The World Health Organisation has now declared Coronavirus as a global pandemic and the number of cases across Europe continues to rise. As an employer, you may be wondering what your responsibilities are and how you can protect your employees during the recent outbreak.
To help manage and contain the risks Emma Pary, Director of HR has answered some important questions. These Q&As should help provide you with clarity whilst the country prepares to enter the “control” phase of the Coronavirus response.
HR plays a vital role in controlling the serious nature of this pandemic and the impact it may have on your workforce. Maintaining open lines of communication with staff is essential. All employers should be educating employees about the coronavirus, including its symptoms and risks, and mitigating steps recommended by relevant health authorities.
The latest government guidance outlines that individuals who are experiencing symptoms of COVID-19 infection should stay at home for 7 days. The symptoms are: a high temperature (fever), a new, continuous cough, difficulty in breathing. If an employee develops any of these symptoms, please ensure they self isolate. If someone lives in a household and is the first to have symptoms, they must self-isolate for 7 days. Everyone else in their household must self-isolate for 14 days.
Very important to know that employees and workers must receive Statutory Sick Pay due to them if they need to self-isolate because:
- they have coronavirus
- they have coronavirus symptoms, for example a high temperature or new continuous cough
- someone in their household has coronavirus symptoms
- they’ve been told to self-isolate by a doctor or NHS 111
With the outbreak spreading fast across the UK, the Government has now announced that all schools will be closing from Friday afternoon. You will be responsible for supporting all employees with children.
Those that are able to work from home should continue to do so. As an employer you must accept that there will be disruption and that working parents will struggle to be as productive. You will need to make allowances and be flexible, especially for those with younger children that will need more care.
From the beginning, managers need to communicate their expectations for remote workers, explaining the position to the employee carefully, and ensure that measures are put in place to facilitate any requirement to work at home. Where an employee’s role is not suitable for home working, employers should consider providing unpaid leave for the employee. It would also be advisable to take dependent leave where necessary, or use holiday entitlement to cover short periods of absence.
Companies across the UK are putting in place contingency plans for remote workers, employers should be prepared for what this means to their business.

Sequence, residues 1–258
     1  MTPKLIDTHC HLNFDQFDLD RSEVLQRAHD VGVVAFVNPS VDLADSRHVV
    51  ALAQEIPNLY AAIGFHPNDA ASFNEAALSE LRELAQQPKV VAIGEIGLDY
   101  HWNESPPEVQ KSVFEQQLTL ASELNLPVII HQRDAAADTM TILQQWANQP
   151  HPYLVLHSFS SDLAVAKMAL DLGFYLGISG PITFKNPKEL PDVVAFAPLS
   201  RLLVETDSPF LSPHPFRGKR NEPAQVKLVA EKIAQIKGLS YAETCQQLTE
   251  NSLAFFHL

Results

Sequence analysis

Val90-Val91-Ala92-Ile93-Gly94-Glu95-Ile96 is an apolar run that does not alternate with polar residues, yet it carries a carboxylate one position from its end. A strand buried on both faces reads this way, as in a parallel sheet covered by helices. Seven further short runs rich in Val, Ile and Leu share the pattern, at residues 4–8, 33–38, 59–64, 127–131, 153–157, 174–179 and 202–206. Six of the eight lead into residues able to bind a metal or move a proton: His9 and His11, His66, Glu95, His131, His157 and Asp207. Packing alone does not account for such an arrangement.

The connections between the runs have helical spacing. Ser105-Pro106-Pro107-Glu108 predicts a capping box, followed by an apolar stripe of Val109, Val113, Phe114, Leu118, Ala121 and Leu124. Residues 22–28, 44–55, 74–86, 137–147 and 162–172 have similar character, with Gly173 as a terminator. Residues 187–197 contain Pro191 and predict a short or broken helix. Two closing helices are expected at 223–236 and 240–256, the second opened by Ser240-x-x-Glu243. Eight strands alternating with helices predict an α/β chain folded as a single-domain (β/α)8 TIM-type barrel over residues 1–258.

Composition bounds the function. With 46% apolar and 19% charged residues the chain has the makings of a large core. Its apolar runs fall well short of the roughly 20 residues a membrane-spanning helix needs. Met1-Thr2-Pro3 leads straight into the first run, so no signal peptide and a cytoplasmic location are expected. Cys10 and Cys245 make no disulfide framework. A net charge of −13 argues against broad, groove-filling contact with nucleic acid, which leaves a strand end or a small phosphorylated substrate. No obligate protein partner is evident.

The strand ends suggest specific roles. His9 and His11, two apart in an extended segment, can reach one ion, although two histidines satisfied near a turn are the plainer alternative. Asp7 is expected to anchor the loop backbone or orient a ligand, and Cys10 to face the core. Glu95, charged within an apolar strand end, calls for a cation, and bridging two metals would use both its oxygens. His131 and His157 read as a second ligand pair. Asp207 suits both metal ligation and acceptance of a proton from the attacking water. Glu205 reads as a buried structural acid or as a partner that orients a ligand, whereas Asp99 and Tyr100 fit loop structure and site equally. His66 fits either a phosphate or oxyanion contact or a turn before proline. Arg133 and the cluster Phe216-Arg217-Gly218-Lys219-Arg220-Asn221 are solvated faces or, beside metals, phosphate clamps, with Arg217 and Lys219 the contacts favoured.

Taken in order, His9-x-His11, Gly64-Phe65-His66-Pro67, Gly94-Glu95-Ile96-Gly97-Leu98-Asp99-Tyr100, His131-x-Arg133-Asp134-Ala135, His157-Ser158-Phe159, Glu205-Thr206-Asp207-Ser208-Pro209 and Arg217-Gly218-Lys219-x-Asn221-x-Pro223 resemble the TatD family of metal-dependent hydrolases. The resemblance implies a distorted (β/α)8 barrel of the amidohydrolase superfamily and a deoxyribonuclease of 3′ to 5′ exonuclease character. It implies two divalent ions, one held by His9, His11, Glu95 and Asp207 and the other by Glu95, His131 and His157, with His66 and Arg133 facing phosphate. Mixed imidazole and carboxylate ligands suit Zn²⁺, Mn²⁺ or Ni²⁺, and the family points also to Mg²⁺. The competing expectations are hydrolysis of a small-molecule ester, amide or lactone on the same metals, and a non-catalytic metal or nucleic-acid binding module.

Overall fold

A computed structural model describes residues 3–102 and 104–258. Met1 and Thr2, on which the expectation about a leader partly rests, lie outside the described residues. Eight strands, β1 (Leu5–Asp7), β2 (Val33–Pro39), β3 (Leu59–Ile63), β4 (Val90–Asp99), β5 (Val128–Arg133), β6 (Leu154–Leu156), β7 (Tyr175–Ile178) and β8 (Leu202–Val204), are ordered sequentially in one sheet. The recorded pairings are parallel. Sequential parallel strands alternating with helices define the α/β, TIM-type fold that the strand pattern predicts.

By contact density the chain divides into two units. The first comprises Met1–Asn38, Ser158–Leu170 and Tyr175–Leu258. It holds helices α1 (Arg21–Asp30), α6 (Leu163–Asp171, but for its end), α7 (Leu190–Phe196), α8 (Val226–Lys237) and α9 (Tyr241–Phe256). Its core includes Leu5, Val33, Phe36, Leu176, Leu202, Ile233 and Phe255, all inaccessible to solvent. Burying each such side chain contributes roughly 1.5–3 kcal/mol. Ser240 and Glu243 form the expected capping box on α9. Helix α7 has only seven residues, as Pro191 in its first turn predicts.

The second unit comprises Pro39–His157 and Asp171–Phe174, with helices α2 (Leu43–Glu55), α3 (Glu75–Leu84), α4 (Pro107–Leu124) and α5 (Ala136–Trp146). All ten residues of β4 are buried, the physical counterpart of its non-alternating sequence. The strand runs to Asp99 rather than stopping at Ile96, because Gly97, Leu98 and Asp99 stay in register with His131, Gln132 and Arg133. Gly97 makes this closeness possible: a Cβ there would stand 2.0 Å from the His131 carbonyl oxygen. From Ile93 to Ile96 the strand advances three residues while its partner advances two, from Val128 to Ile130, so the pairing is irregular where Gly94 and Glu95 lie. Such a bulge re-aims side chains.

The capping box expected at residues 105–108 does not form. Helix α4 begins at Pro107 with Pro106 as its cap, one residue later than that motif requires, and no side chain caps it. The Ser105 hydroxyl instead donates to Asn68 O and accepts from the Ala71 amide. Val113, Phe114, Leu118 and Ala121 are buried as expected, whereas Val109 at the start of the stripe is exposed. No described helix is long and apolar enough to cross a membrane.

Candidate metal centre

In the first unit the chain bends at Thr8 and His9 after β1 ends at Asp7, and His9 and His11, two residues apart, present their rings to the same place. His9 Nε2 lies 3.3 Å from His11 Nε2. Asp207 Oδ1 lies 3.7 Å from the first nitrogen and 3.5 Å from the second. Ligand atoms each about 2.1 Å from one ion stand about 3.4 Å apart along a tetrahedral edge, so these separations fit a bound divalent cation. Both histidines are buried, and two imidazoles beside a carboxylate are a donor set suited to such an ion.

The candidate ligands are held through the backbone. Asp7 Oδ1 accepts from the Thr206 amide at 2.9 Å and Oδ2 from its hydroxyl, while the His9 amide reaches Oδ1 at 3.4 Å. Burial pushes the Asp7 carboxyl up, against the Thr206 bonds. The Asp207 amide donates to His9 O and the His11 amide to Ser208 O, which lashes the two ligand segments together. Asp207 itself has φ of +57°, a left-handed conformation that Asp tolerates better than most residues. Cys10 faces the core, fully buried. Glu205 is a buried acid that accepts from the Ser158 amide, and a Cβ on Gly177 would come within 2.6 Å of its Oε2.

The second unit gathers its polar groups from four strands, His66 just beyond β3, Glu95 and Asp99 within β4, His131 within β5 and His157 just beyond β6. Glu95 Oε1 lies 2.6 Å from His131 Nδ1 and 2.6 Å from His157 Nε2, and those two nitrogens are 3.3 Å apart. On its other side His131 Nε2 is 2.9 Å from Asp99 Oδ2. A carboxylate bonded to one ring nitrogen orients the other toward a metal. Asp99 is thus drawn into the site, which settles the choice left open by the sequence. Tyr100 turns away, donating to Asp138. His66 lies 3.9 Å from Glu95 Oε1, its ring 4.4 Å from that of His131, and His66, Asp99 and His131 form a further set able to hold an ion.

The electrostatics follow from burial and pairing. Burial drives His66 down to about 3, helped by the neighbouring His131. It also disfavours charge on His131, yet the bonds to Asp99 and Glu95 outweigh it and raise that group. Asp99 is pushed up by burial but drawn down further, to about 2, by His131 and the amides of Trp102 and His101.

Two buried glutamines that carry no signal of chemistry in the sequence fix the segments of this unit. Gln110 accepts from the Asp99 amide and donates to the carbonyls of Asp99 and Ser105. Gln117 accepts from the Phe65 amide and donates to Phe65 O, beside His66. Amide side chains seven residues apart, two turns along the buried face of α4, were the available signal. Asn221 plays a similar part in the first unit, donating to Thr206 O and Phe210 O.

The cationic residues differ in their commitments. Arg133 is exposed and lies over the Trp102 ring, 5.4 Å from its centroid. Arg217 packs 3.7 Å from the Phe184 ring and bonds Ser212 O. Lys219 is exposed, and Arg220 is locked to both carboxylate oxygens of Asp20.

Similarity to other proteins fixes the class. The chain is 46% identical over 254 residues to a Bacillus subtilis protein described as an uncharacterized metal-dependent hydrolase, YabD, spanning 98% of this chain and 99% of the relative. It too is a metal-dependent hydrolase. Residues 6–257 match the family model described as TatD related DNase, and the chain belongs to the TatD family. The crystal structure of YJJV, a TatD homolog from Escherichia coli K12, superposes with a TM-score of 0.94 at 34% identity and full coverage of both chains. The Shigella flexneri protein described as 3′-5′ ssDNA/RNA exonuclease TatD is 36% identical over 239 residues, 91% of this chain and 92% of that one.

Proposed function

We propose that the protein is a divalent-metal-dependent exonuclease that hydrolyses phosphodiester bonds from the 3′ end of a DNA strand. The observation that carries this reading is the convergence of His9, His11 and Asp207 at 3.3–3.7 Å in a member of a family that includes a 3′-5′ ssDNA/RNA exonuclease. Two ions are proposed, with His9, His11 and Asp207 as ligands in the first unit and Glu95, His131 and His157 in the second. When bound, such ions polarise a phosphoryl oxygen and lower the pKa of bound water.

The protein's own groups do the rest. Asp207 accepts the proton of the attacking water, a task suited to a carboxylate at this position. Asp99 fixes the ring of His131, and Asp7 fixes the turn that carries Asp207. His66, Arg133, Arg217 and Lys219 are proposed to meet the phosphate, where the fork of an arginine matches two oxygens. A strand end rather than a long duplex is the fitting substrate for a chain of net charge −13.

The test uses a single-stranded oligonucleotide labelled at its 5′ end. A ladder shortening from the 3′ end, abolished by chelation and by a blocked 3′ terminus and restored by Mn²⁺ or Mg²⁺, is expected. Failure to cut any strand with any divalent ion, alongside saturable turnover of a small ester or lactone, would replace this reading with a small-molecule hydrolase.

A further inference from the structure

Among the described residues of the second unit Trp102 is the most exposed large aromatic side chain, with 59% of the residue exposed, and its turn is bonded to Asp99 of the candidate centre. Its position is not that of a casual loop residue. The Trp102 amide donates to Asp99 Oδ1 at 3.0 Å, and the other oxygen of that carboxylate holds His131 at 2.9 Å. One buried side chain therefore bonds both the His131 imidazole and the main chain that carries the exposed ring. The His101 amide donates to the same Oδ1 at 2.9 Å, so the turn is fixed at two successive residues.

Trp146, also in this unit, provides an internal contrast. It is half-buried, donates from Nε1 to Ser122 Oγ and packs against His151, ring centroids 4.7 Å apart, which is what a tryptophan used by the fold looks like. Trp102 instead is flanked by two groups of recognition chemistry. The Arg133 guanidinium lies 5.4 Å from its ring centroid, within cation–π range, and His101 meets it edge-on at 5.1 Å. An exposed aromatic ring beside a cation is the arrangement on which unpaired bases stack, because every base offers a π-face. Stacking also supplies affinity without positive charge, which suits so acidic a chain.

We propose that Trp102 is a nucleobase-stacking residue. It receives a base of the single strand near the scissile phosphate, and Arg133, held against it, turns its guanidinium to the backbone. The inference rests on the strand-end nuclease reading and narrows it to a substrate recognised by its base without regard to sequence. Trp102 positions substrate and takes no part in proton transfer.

All employees should be given clear guidance as to what that means for them, for example, working hours should be clearly defined, and equipment should be provided. There will be lots of things that need to be considered, like who covers the running costs? Given the current situation, any additional costs, such as phone bills, may need to be claimed for. As an employer you have every right to request evidence of expenses. You may need to explain how the expenses system works, and whether these costs are taxable. All expenses should be outlined as soon as possible, and would normally be part of any working from home agreement.
While some employees will be familiar with working from home with very little or no disruption to their day, others will find this very difficult. Managers will need to provide additional support at this stage, a good tip would be to create a department whatsapp group. Using WhatsApp in a work environment is very easy to implement and provides great instant support to employees.
Employers also need to be aware of their GDPR responsibilities and ensure compliance is met where staff are processing confidential client data away from the normal workplace environment.
My advice would be; anyone who fears that they may have coronavirus should contact the NHS 111 service. If the service advises an employee to self-isolate, then they will be entitled to statutory sick pay. If an employee chooses to self isolate and refuses to work, then as an employee you have the right to implement unpaid leave.
Employers have the right to tell employees and workers when to take holiday if they need to. For example, they can decide to shut for a week and everyone has to use their holiday entitlement.
If the employer does decide to do this, they must tell staff at least twice as many days before as the amount of days they need people to take.
For example, if they want to close for 5 days, they should tell everyone at least 10 days before.
This could affect holidays staff have already booked or planned. So employers should:
- explain clearly why they need to close
- try and resolve anyone’s worries about how it will affect their holiday entitlement or plans
The entire office should go through an intense cleaning process, cleaning should be increased around work stations, boardrooms, washrooms, and all the prominent places. Employers should also place hand sanitizers around common areas.
Covid-19 is presenting unique and unprecedented challenges for employers who have to cope with often complex HR and data protection related issues in a rapidly escalating crisis.
Employers are anxious to ensure continuity of their business, the health and safety of their employees and compliance with data protection obligations where these arise. Download our FAQs
We offer straightforward, practical advice to guide you through what is now a global pandemic. So you can be reassured you are getting the best, most relevant advice based on the latest UK advice. Speak to a consultant now and take the stress, worry and risk out of your HR. Call 01942 816 512 or email HR@ekwgroup.co.uk